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    Re: IBM makes quantum computing available to the public

    The major problem with the current quantum computers is the below zero cooling unlike silicon candy which needs a cheap copper heatsink.

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    Re: IBM makes quantum computing available to the public

    Quote Originally Posted by lumireleon View Post
    The major problem with the current quantum computers is the below zero cooling unlike silicon candy which needs a cheap copper heatsink.
    This is why IBM's idea of making a quantum computer accessible over the Internet is a good one. Not many organizations will be able to purchase and maintain the infrastructure needed to run one of these things, but they may be able to afford to rent time on one of these machines to perform specific tasks that other computers cannot feasibly carry out.

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    Re: IBM makes quantum computing available to the public

    I might be wrong, but if they were to get a 128-bit+ version (yeah, some time away I know, but I am not sure if you can parrallel smaller ones up somehow...), wouldn't that make some encryption pointless? I may be remembering it wrong and it has probably moved on since then, but some encryption relies on multiplying two prime numbers as keys together for a code. With quantum computing, it can simultaneously try every combination of two numbers to find the keys for that code.

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    Re: IBM makes quantum computing available to the public

    Quote Originally Posted by Gerrard View Post
    I might be wrong, but if they were to get a 128-bit+ version (yeah, some time away I know, but I am not sure if you can parrallel smaller ones up somehow...), wouldn't that make some encryption pointless? I may be remembering it wrong and it has probably moved on since then, but some encryption relies on multiplying two prime numbers as keys together for a code. With quantum computing, it can simultaneously try every combination of two numbers to find the keys for that code.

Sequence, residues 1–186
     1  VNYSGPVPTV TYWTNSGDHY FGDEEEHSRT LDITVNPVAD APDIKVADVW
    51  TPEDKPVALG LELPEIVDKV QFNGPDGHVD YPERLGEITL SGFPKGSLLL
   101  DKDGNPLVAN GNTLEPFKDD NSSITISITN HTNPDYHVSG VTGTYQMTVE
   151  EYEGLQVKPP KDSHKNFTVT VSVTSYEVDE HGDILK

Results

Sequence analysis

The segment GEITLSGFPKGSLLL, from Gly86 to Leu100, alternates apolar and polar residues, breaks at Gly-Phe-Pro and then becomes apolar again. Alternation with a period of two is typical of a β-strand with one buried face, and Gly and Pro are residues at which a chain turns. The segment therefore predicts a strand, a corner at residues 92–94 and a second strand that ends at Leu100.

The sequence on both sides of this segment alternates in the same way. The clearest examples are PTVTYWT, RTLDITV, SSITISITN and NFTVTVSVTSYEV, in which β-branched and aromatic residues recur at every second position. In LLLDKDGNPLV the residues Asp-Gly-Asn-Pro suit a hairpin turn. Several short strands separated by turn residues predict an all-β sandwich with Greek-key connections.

New quantum encryption schemes are being worked on for if that time comes.

    But yes, if someone can take a copy of your encrypted drive, then in ten years time they might be able to decrypt it. That might be important for some information with a long shelf life.

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    Re: IBM makes quantum computing available to the public

    Shor's algorithm is most potentially damaging one which as I understand it can attack public key encryption algorithms based on the discrete logarithm, integer factorisation problems and their elliptic curve equivalents in a reasonable amount of time on a big enough quantum computer, although I'm not sure what 'big enough' actually means if I'm honest - I assume current systems aren't capable of it but I'd like to know what would be necessary to pull this off.

    Gorver's algorithm can attack symmetric key ciphers like AES but is far less damaging and fairly easily mitigated without any major changes to the cipher or its performance; the attack effectively reduces the complexity of the attack to x^n/2 i.e. a 128 bit key becomes as hard to attack as a 64 bit key on a conventional computer, which would be feasible on a fast enough quantum computer. However you can just stick to 256 bit keys increasing the complexity to 2^128 again.

    I'd like to learn some more basics about quantum computing - I often hear speed comparisons (i.e. equivalent speed rather than algorithmic speed, if that makes sense) between quantum and conventional computers, I guess they're referring to something like clock speed. Also I'm not sure how the 'size' fits in to things e.g. the quibit count. I mean I accept them as concepts but I'd like to know how they all fit together - most of the 'explanations' I've seen don't come close to this sort of detail.